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PostPosted: Mon Sep 26, 2011 7:11 am 
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Joined: Mon Sep 26, 2011 6:21 am
Posts: 1
I have come to the conclusion the GPS stands for "Garmin Products Suck". I went through four Edge 305's and now I'm on my second Edge 500 and either I'm the most unlucky guy on the planet, or Garmin really has not been able to bring a reliable product to the market.

Garmin as a company needs a wake up call. Unfortunately there really isn't a viable competitor to their cycling products. Therefore, while their ideas are great, their implementation sucks! And, unfortunately no one else has developed a competitive product that is actually reliable.

I'm sick and tired of spending hundreds of dollars on crap products that profess to do everything, but in reality only do little. Especially when you consider the lack of reliability.

Maybe putting GPS, HR, Speed, Cadence and Power into a single device is truly not technically feasible... I'm okay with that; just let me know what the reality is and I'll adjust accordingly.

I can only imagine that team Garmin Cervelo riders must be given a six-pac of Garmin 500's so they ultimately get t least one that works. Their product is crap and it's unfortunate that another enterprising company hasn't come up with a competitive offering and run these amateurs out of business.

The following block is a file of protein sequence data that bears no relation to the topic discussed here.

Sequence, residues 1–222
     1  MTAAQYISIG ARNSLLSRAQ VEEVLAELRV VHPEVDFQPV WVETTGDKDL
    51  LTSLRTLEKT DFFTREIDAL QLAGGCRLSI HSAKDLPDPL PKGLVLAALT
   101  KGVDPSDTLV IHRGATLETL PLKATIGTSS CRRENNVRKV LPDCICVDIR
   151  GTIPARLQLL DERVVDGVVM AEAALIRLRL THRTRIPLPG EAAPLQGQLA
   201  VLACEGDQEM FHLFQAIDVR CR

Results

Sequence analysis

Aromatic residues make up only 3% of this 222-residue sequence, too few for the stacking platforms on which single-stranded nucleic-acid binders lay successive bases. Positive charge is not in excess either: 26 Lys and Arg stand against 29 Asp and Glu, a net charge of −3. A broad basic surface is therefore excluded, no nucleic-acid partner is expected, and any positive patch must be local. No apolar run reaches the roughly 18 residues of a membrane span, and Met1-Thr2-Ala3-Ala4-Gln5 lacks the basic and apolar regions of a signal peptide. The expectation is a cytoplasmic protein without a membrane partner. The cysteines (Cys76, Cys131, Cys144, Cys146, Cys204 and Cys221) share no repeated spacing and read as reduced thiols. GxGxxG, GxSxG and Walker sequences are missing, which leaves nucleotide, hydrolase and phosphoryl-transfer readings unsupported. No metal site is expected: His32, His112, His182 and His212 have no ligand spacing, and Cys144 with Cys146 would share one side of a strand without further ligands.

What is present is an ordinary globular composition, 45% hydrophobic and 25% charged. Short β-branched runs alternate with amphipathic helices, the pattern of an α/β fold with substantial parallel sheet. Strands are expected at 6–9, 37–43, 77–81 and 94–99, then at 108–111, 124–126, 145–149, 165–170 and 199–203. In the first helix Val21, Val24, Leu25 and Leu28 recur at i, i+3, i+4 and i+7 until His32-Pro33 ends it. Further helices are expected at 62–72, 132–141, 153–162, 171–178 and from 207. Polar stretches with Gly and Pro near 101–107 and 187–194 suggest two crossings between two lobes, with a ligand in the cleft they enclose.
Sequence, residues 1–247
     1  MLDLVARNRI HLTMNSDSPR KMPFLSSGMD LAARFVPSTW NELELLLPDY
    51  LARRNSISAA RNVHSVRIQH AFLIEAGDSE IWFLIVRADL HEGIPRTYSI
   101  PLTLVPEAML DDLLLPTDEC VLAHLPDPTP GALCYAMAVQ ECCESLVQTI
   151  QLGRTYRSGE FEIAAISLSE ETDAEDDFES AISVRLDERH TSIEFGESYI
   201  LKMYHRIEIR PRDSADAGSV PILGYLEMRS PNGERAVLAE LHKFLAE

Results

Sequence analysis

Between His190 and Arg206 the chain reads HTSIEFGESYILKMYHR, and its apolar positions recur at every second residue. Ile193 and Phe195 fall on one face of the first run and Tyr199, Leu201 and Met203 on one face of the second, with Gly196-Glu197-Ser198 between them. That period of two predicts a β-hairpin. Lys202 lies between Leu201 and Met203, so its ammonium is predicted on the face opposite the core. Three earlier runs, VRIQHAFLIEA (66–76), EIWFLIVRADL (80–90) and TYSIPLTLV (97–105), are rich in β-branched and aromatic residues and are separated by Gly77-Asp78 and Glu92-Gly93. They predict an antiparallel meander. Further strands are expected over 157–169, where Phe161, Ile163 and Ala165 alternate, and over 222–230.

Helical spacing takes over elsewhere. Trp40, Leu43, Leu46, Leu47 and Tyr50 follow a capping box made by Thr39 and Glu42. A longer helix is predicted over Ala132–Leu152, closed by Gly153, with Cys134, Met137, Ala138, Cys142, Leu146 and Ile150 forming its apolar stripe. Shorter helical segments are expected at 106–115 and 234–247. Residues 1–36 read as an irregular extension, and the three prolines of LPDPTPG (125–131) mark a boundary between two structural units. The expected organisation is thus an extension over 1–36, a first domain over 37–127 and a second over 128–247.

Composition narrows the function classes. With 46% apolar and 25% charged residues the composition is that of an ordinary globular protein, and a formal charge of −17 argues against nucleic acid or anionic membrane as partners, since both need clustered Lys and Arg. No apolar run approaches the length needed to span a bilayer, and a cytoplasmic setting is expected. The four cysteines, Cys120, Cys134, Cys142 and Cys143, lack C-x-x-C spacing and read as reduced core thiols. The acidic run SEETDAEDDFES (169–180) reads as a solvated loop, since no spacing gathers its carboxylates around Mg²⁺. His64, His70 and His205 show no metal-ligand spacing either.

BTW, not only is their 500 product unreliable junk, their online software solution is only further reinforcement that Garmin is either unaware or unable to understand and meet the needs of the cycling community. Their software solutions are an incredible joke and an insult to anyone who has spent hundreds of dollars on their products; they have been eclipsed by the likes of Training Peaks and Strava. Garmin has had more than enough time to fine-tune their software development efforts and they have failed badly. This just reinforces the fact that they either don't understand the needs of their users, or they just don't give a crap.


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Posted: Mon Sep 26, 2011 7:11 am 


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PostPosted: Mon Sep 26, 2011 4:03 pm 
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mmcnelly wrote:
I have come to the conclusion the GPS stands for "Garmin Products Suck". I went through four Edge 305's and now I'm on my second Edge 500 and either I'm the most unlucky guy on the planet, or Garmin really has not been able to bring a reliable product to the market.

Garmin as a company needs a wake up call. Unfortunately there really isn't a viable competitor to their cycling products. Therefore, while their ideas are great, their implementation sucks! And, unfortunately no one else has developed a competitive product that is actually reliable.

I'm sick and tired of spending hundreds of dollars on crap products that profess to do everything, but in reality only do little. Especially when you consider the lack of reliability.